New Study Seeks to Track ALS Progression With Smartphone App

New Study Seeks to Track ALS Progression With Smartphone App
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The Muscular Dystrophy Association (MDA) is urging people with amyotrophic lateral sclerosis (ALS) to take part in a new study that’s seeking to track disease progression through a mobile app.

In addition to ALS, the ongoing study is enrolling adults with primary lateral sclerosis (PLS) or related neuron motor diseases, as well as healthy volunteers. The study is seeking participants with and without a family history of ALS.

A total of 500 people are expected to enroll, according to the Northeast Amyotrophic Lateral Sclerosis Consortium, or NEALS, a non-profit that also is encouraging participation in the study.

“The purpose of this study is to determine if ALS disease progression can be tracked via smartphone application use,” NEALS said on its website.

Dubbed the”Answer ALS Companion App Study,” the observational study was launched by Jeffrey Rothstein, MD, PhD, a professor of neurology at the Johns Hopkins University School of Medicine. It is being coordinated by Betsy Mosmiller, senior research program supervisor at Johns Hopkins.

ALS is characterized by the progressive loss of motor neurons, or the nerve cells that are responsible for the control of voluntary muscle movements such as chewing, walking, and talking. Patients may not experience the same symptoms and, for some, the disease progresses more slowly than others.

The recently launched observational trial aims to determine if disease progression in ALS and related motor neuron diseases can be tracked using a smartphone app. If successful, this app could enable patients to participate in clinical studies with less frequent visits to trial sites. That would allow research to continue even during the ongoing COVID-19 pandemic, or when traveling to a trial site is difficult for participants.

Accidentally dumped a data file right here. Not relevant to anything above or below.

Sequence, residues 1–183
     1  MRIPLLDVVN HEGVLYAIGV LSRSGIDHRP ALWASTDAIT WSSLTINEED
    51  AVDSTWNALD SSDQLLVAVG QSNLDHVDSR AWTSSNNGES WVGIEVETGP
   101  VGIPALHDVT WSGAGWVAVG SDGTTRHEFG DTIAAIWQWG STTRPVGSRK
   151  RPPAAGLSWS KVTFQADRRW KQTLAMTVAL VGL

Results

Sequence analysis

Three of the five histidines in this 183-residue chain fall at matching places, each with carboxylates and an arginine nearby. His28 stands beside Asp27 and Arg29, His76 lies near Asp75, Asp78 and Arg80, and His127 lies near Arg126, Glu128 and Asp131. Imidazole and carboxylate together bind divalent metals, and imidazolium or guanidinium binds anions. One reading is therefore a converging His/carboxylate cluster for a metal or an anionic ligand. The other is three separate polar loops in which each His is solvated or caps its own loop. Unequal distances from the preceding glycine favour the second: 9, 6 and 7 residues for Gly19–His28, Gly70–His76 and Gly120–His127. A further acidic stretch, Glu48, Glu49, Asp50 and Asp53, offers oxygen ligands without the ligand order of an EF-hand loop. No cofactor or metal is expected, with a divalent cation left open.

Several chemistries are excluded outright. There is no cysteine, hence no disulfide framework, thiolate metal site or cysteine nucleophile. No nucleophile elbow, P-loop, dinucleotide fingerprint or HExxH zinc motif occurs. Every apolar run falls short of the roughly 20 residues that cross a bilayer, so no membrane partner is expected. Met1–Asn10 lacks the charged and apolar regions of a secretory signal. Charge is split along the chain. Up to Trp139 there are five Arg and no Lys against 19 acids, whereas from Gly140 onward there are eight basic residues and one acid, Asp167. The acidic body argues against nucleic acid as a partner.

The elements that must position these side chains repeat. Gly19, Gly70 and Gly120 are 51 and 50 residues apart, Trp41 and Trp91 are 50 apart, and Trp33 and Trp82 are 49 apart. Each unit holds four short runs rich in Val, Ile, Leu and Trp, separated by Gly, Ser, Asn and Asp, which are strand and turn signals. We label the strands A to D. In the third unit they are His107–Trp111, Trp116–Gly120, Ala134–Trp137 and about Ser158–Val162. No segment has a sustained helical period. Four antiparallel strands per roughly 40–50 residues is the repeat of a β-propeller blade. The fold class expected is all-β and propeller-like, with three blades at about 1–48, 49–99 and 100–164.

To be eligible, an individual must be able to install the smartphone app on his or her mobile device and should have the ability to speak without an assistive device.

Those interested in participating will be asked to answer a few questions showing that they understand the study and its requirements, and to read and electronically sign the consent form.

After giving consent, participants are then asked to complete an online survey with questions about their demographics and basic clinic information. This includes date of birth, gender, ethnicity, level of education, and disease history, if applicable.

As a final step, participants can watch a video showing how to download and install the smartphone application. The video also has detailed instructions for using the app. Participants are free to use the smartphone application for as long as they like.

Over the duration of the study, participants will be asked to complete three tasks each week. Such tasks voice recordings of them reading a sentence out loud, describing a picture for 30 seconds, counting numbers in a single breath, and making an “ah” sound after taking a deep breath.

Those with ALS also will be asked to complete the ALS Functional Rating Scale-Revised, a measure of functional status, at periodic intervals.

The information collected will be de-identified and stored in REDCap, a secure website for medical research.

For more information, including instructions on how to participate, please visit this site. Interested individuals also can contact Mosmiller, the study’s coordinator, at 410-502-0495 or [email protected]

Diana holds a PhD in Biomedical Sciences, with specialization in genetics, from Universidade Nova de Lisboa, Portugal. Her work has been focused on enzyme function, human genetics and drug metabolism.
Total Posts: 45
Inês holds a PhD in Biomedical Sciences from the University of Lisbon, Portugal, where she specialized in blood vessel biology, blood stem cells, and cancer. Before that, she studied Cell and Molecular Biology at Universidade Nova de Lisboa and worked as a research fellow at Faculdade de Ciências e Tecnologias and Instituto Gulbenkian de Ciência. Inês currently works as a Managing Science Editor, striving to deliver the latest scientific advances to patient communities in a clear and accurate manner.
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Diana holds a PhD in Biomedical Sciences, with specialization in genetics, from Universidade Nova de Lisboa, Portugal. Her work has been focused on enzyme function, human genetics and drug metabolism.
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